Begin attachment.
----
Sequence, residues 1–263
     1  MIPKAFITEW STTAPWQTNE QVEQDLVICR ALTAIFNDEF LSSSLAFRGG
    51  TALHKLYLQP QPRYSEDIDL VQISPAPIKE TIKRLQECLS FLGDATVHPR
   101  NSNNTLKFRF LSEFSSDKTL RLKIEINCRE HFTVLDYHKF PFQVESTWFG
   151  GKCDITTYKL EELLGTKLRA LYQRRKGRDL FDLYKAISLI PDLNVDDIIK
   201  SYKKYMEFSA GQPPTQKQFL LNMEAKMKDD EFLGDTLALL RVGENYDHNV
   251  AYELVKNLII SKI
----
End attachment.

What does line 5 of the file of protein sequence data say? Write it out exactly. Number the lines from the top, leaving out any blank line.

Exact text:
   151  GKCDITTYKL EELLGTKLRA LYQRRKGRDL FDLYKAISLI PDLNVDDIIK